Even if China just achieved parity with the USA on coal usage at 127 kg per MWh by 2030, and its electricity consumption rose to 11900 TWh, that would still represent a net reduction its total coal consumption. Of course, it can do much better than that!

The next step for China is to acknowledge that it too can make a realistic contribution to the COP21 pledges, and drop its promise to keep increasing CO2 emissions out to 2030.

Pumped Hydro can’t be ignored

In writing an article for an Australian newspaper, Bjorn Lomborg has not given any consideration to the potential for pumped hydro to resolve the generation / dispatch issue associated with wind power. Yet the Australian government has commenced a major project, Snowy Mountains 2.0, to utilise the capacity of existing water storage facilities for “electricity storage.” Even if Bjorn Lomborg has ignored pumped hydro because he rejects its ability to help to solve the dispatch issue with wind power, he should have explained his objections rather than ignoring it.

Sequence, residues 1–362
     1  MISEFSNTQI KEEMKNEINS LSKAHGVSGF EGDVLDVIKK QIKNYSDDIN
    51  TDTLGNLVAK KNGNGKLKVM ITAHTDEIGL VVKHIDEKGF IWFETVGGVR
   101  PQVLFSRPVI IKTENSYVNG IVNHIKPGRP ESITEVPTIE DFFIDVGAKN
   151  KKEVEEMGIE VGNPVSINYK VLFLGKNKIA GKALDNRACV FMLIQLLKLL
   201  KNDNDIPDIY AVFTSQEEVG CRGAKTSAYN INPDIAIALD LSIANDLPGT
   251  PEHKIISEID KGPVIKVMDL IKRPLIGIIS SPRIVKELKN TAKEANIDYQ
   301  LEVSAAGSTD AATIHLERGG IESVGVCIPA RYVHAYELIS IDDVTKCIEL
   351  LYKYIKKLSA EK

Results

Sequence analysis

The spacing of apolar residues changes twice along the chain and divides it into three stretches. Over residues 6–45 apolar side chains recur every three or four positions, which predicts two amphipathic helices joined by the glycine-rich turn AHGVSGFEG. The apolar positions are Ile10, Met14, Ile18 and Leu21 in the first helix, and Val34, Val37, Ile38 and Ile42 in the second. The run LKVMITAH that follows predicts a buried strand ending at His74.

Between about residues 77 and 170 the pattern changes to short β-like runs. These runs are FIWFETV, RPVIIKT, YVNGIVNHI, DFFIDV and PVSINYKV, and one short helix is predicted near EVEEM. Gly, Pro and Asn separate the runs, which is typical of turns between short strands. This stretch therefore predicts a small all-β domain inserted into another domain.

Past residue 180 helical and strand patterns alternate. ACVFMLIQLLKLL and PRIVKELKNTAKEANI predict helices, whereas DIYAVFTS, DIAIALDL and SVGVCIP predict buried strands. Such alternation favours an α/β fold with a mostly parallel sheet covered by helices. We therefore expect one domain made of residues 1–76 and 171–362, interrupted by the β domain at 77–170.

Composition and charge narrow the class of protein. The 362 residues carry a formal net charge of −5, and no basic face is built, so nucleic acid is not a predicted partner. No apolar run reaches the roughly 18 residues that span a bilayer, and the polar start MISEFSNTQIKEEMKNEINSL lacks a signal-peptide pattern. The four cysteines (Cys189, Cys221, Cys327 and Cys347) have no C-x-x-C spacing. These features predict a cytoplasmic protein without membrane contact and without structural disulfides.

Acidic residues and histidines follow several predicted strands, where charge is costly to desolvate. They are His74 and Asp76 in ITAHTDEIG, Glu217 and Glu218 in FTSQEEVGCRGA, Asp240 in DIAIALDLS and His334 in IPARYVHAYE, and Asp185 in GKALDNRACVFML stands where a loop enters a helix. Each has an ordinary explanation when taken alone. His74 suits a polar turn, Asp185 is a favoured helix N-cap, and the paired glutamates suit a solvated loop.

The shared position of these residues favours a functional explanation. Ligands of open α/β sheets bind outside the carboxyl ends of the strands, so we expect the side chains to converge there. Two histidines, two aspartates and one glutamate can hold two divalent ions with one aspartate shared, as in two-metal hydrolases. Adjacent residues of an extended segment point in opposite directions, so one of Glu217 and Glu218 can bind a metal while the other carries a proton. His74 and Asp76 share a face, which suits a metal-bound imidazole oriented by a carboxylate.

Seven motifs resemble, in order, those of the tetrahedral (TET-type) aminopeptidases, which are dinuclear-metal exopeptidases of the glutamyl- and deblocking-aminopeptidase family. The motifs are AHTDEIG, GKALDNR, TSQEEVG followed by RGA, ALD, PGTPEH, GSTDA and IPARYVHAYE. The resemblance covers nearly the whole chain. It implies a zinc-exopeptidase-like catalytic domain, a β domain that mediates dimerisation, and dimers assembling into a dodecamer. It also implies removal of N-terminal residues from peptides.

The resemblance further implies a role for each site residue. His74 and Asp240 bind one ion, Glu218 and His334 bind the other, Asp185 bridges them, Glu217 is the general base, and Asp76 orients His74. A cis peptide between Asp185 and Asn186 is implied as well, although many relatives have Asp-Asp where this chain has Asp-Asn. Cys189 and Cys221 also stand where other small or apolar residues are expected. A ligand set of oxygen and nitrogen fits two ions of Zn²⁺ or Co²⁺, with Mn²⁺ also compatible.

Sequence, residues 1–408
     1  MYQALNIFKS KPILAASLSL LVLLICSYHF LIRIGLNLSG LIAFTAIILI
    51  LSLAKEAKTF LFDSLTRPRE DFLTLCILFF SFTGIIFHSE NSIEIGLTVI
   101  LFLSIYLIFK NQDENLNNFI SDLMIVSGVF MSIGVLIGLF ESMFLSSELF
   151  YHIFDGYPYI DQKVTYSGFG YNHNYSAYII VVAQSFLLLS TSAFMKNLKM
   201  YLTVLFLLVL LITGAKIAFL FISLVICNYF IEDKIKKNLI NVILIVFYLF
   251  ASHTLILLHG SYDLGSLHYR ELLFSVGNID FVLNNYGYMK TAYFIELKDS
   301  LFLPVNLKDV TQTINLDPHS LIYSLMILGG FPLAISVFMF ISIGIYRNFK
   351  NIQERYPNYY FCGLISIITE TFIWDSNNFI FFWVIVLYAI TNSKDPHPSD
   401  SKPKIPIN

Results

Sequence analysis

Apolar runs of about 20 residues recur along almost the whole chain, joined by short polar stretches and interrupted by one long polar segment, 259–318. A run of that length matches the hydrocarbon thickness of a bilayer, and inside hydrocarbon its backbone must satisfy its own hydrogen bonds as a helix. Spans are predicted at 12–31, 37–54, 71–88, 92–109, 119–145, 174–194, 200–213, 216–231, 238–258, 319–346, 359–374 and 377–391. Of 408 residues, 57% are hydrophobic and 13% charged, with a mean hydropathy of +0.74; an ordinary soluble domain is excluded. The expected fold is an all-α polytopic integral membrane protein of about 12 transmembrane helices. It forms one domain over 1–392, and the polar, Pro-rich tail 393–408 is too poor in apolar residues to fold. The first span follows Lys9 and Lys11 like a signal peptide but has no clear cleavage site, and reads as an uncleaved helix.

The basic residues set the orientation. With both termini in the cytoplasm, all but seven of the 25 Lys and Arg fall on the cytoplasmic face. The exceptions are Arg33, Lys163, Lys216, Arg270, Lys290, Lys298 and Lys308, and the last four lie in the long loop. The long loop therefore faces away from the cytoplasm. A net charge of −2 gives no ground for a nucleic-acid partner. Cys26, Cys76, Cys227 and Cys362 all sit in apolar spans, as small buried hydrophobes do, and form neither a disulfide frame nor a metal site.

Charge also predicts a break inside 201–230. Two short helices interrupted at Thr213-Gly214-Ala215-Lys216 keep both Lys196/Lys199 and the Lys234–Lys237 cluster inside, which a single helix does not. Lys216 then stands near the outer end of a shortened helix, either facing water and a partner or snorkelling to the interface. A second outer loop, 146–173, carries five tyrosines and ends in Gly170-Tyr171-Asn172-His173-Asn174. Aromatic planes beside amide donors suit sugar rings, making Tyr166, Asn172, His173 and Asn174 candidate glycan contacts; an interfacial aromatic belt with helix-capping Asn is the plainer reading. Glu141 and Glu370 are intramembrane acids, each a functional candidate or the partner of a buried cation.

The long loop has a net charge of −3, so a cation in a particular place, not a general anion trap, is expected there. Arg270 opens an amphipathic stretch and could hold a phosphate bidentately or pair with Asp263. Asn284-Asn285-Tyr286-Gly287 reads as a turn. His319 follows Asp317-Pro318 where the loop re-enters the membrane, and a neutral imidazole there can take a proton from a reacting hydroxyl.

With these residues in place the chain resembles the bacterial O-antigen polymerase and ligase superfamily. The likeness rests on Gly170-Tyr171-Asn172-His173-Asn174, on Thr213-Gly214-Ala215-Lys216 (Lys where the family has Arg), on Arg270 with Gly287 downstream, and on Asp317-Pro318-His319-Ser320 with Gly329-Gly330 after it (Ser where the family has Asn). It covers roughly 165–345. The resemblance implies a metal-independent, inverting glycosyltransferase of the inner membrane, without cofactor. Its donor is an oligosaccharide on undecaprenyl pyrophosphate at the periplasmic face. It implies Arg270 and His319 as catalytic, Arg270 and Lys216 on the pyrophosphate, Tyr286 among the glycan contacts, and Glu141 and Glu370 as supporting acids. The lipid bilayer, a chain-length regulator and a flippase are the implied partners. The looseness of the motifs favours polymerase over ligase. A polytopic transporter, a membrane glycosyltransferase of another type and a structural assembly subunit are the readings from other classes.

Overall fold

Instead, he writes, “When there is no sun or wind, we must still pay for back-up fossil fuels, which now cost more because they are used less.” An omission of this significance surely vitiates his entire article, even if it were the only omission and misstatement. But it is not alone, as I have already explained.

Global Governance is not required

Bjorn Lomborg cites an early advocate of action on global warming, Jim Hanson, who is quoted as saying, “Suggesting that renewables will let us phase rapidly off fossil fuels in United States, China, India or the world as whole is almost the equivalent of believing in the Easter bunny and tooth fairy.”